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BREAKING NEWS

BURGER CHAINS DROP USE OF CHEMICAL IN BURGERS CALLED
“PINK SLIME”

December 26, 2011




Ammonium hydroxide. No longer used in the hamburgers of several large fast food chains.
(NATIONAL) -- McDonald’s and two other fast-food chains have stopped using an ammonia-treated burger ingredient that meat industry critics call the “pink slime,” according to a report in the Sioux Falls, Argus Leader here

The product, ammonium hydroxide, is widely used as low-fat beef filling in burger meat, including in school meals.

But there have been attacks on its use by consumer food activists and high profile chefs such as Jamie Oliver who said, “Basically, we’re taking a product that would be sold at the cheapest form for dogs, and after this process we can give it to humans,” in a segment of his ABC television show, Jamie Oliver’s Food Revolution, that aired last spring.

A 2009 New York Times story raised questions about the safety of the ammonium hydroxide product, citing government and industry records of E. coli and salmonella contamination of meat sold for school lunches. That article also included a quote from an email in which an Agriculture Department microbiologist called the pale-colored product “pink slime,” a term critics grabbed onto.

McDonald’s has now been joined by Taco Bell and Burger King in discontinuing use of the product.

Critics of the use of such products in the meat industry say it raises serious questions about whether the huge factory farm and processing operations are relying too heavily on “chemical washes and other technology” to kill bacteria that is so prevalent because of the practices of that industry instead of doing more to prevent the contamination at the source by changing how animals are raised and slaughtered in the big meat processing plants.

The report says “cattle producers have resisted responsibility for preventing bacteria from getting into their animals. The microbes dangerous to humans often are harmless to the animals.”

THE DARK SIDE OF MEAT PACKING INDUSTRY

In the book, later turned into a documentary film called Fast Food Nation: The Dark Side of the All-American Meal (2001) investigative journalist Eric Schlosser took a close look at the local and global influence of the United States fast food industry.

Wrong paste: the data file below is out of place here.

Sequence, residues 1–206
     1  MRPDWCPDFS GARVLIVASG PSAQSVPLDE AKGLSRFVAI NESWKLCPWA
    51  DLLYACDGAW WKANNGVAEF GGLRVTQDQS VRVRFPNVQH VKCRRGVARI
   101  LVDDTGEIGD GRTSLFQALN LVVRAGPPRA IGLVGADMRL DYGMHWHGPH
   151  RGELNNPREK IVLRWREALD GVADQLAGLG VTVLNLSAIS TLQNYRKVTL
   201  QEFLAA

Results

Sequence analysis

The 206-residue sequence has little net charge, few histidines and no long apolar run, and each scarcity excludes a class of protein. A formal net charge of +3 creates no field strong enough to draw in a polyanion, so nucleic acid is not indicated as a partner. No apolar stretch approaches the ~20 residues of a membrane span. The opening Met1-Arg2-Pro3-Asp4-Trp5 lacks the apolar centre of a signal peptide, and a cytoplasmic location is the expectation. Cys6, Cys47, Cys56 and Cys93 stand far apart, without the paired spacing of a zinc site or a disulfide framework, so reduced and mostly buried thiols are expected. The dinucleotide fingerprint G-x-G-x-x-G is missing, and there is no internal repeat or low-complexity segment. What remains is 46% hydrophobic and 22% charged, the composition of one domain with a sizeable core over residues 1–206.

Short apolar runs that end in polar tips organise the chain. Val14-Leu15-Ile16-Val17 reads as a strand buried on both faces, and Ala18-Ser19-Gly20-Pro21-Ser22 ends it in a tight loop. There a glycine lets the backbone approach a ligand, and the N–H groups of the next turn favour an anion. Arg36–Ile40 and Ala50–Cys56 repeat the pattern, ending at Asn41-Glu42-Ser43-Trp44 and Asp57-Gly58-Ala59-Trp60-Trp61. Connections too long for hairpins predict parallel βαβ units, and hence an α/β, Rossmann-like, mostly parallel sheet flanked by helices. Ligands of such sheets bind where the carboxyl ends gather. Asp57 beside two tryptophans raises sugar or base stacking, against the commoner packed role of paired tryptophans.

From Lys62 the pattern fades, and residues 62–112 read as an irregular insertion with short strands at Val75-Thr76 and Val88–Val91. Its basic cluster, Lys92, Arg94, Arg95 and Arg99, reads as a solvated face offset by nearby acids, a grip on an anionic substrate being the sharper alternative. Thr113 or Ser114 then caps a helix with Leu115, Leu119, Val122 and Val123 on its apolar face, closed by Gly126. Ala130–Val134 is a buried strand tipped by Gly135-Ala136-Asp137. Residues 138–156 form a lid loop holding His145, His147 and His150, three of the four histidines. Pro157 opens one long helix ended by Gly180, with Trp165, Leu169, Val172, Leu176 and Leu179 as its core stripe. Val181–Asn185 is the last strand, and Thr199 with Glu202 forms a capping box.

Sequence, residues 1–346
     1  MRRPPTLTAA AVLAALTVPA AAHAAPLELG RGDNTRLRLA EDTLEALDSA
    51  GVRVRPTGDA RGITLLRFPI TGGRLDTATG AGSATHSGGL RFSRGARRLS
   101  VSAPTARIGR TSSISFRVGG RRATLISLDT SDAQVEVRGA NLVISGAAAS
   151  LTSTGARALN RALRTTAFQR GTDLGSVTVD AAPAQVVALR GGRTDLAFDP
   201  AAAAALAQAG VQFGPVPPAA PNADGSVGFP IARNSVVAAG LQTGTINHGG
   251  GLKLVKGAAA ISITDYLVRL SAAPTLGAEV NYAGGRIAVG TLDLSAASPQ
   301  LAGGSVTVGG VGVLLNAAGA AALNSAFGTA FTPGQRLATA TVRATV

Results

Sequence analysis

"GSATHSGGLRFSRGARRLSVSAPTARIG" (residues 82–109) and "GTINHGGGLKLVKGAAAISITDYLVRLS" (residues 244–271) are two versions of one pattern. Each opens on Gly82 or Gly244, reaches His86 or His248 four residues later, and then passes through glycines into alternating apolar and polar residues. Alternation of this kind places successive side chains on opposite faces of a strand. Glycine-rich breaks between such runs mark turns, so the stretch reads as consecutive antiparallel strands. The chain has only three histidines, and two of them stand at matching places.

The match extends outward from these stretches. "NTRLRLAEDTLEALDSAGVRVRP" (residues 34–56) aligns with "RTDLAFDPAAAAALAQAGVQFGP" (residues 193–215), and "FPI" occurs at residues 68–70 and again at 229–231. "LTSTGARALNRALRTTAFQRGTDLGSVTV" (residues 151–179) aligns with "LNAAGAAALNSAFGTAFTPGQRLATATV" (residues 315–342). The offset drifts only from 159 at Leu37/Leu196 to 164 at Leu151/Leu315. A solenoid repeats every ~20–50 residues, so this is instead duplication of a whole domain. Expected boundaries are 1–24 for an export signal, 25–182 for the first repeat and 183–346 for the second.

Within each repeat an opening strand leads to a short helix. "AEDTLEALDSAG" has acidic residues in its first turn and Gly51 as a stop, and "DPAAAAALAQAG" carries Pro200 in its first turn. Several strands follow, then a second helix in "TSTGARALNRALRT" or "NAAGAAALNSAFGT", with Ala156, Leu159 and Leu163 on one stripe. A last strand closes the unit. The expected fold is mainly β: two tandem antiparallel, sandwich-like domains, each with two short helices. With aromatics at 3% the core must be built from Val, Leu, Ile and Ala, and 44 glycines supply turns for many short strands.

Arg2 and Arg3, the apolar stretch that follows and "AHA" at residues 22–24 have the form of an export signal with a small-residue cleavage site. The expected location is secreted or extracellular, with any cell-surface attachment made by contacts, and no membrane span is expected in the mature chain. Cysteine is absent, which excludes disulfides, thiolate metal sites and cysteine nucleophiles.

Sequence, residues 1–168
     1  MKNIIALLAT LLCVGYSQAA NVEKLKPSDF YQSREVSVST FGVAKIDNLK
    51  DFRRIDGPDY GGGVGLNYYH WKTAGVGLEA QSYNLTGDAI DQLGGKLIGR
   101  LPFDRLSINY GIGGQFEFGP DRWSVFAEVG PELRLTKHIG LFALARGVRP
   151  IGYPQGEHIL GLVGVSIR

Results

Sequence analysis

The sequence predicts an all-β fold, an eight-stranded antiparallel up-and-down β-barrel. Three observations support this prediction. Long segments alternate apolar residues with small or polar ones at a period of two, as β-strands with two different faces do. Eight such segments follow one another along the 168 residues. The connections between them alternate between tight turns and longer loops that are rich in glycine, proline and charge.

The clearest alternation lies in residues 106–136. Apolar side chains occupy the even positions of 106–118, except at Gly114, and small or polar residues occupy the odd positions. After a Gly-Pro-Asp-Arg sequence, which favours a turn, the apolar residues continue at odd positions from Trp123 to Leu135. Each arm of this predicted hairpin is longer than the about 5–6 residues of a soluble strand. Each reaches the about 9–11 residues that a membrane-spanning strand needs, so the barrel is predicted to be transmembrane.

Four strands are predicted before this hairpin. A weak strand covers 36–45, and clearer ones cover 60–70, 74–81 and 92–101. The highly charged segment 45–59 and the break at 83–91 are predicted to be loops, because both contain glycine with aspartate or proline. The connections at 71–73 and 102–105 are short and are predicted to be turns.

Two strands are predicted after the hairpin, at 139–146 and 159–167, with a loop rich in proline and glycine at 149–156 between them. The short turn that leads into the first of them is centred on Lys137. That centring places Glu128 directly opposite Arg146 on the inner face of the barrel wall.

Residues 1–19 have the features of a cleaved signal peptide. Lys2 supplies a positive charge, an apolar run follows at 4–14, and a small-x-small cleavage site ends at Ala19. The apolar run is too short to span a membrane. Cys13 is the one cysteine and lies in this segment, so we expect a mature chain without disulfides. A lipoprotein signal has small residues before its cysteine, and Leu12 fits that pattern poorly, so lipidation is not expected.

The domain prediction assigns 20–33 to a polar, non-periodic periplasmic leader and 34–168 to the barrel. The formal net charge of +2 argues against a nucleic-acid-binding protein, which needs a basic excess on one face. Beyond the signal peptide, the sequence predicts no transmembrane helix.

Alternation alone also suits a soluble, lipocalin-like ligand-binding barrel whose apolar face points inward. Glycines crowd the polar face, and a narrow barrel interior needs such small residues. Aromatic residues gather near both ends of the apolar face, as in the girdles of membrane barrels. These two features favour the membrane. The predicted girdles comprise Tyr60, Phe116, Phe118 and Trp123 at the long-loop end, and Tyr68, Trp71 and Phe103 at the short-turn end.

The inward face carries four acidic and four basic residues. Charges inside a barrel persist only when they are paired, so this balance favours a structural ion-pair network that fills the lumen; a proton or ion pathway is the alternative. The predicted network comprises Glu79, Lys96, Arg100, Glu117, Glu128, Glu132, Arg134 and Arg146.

Part of the book deals with his probe into the meat packing industry.

He found the industry was dominated by casual, easily exploited immigrant labor and that levels of injury were among the highest of any occupation in the United States.

Schlosser discusses his findings on two meat-packing companies and recounts the steps involved in meat processing.

In that process he noted several hazardous practices unknown to many consumers, such as the practice of rendering dead pigs, horses and chicken manure into cattle feed at that time.

He noted that such practices were responsible for the spread of bovine spongiform encephalopathy (BSE, aka Mad Cow Disease), as well as for introducing harmful bacteria into the food supply, such as E. coli O157:H7.

In later editions, Schlosser provided an additional section that included reviews of his book, counters to critics who emerged since its first edition, and discussion of the effect that the threat of BSE had on US Federal Government policy towards cattle farming. He concluded that, given the swift, decisive and effective action that took place as a result of this interest and intervention, many of the problems documented in the book are solvable, given enough political will.

UNDERCOVER VIDEO PROMPTS RECALL OF MILLIONS OF POUNDS OF BEEF

A Feb. 2008 report by ABC news noted that “fallout from the dramatic and disturbing undercover video, of sick cows in a meat processing plant, continued Monday, as school districts across the country scrambled to destroy beef from the Hallmark/Westland meat packing company in California.”

That recall came about after the government confirmed that so-called "downer cows" — those so injured or sick, that they can't stand up — were processed and entered into the nation's food supply.

A USDA veterinarian is supposed to check each downer cow and make sure it's not diseased, but the report said “ that hasn't happened, according to the person who shot the incriminating undercover footage for the Humane Society.”

The report noted that the, "USDA's meat inspection program is over 100 years old, and, clearly, it is not working effectively to protect the public," Caroline Smith DeWaal, of the Center for Science in the Public Interest, said.





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